20th-century U.S., Urban
Christopher Klemek traces the political and intellectual shifts affecting urban policy and city life. His current research, comparing Washington and Paris, can be found in the most recent issue of the journal, Washington History, and the collection, Capital Dilemma: Growth and Inequality in Washington. His first book, The Transatlantic Collapse of Urban Renewal: Postwar Urbanism from New York to Berlin (Chicago: University of Chicago Press, 2011), compares the fate of older industrial cities in Europe and North America, including Berlin, London, Toronto, Boston, New York, and Philadelphia. That publication won the biennial Davidoff book prize from the Association of Collegiate Schools of Planning as well as the Kostof Book Award of the Society of Architectural Historians. He has been named a Visiting Scholar at the American Academy of Arts and Sciences, as well as a Schwartz Fellow at the New-York Historical Society. Klemek also takes an active interest in public history and has developed an online community history project, DigitalDC, showcasing undergraduate research from Washingtoniana archives. In 2007, he co-curated a New York Municipal Art Society exhibition on Jane Jacobs and the Future of New York, sponsored by the Rockefeller Foundation, which the American Planning Association's New York Metro Chapter recognized with its William H. Whyte Award for a "project that is distinguished by creativity in the field." In 1997, he co-founded Poor Richard's Walking Tours, a Philadelphia-based public history enterprise, and has since been featured as a guide to cities on radio, television, and in print media.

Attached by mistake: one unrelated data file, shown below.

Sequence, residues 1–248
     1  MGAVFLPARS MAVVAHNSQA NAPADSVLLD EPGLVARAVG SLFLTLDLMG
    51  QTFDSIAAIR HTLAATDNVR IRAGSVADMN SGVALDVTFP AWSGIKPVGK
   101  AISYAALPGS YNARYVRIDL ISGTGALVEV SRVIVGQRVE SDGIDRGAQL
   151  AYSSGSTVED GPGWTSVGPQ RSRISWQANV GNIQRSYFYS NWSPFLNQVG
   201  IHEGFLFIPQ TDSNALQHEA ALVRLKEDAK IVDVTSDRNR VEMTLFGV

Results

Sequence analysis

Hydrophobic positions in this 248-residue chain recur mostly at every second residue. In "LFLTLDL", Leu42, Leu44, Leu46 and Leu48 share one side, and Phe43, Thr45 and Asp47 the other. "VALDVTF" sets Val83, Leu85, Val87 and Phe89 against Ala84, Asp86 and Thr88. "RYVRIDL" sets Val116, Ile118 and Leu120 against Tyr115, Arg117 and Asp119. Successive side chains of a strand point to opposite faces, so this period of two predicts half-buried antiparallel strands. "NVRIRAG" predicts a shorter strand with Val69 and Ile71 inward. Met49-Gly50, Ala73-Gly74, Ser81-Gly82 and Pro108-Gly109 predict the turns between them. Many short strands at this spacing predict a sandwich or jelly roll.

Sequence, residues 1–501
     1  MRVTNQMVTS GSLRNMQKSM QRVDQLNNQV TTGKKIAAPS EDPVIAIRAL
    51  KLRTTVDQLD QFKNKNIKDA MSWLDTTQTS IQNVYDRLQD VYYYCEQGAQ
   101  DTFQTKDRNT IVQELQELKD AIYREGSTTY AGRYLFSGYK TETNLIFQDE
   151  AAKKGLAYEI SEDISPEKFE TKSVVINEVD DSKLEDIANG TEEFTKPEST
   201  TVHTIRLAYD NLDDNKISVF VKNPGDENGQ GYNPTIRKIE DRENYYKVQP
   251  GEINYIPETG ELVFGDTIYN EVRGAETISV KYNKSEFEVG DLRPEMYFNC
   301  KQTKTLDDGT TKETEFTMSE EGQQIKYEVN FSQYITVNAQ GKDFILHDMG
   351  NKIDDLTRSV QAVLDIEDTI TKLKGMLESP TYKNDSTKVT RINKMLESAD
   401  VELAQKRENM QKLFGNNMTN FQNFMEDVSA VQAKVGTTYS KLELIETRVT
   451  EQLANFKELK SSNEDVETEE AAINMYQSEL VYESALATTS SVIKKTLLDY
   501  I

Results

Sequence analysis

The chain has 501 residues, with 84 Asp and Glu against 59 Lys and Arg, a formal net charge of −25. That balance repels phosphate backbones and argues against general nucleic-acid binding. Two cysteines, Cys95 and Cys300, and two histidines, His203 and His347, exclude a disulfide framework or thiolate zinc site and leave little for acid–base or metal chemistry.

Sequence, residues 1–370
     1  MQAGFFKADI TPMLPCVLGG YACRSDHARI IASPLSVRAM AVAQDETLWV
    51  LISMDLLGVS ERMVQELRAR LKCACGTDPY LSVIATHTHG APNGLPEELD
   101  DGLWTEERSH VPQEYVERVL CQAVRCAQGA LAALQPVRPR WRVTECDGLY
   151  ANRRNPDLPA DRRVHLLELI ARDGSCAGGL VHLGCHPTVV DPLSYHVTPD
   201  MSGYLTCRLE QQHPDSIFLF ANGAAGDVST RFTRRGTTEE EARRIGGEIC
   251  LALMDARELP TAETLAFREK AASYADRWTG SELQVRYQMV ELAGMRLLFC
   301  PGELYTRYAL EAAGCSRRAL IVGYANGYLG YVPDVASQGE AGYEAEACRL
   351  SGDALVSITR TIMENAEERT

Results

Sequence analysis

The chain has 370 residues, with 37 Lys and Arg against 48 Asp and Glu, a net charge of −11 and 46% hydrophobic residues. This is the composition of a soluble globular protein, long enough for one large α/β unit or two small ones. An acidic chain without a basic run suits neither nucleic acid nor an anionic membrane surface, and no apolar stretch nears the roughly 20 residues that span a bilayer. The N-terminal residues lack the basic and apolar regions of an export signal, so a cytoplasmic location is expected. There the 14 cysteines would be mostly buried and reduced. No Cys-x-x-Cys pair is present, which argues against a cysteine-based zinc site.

Klemek has received repeated recognition for pedagogy, including the George Washington University's 2016 Trachtenberg Prize for Teaching Excellence—an award nominated by undergraduates, endorsed by departmental colleagues, and chosen by a faculty/student committee on the basis of "outstanding undergraduate teaching"—as well as the 2016 WID Distinguished Teaching Award for his "innovative engagement of students as writers of cutting-edge digital and public history."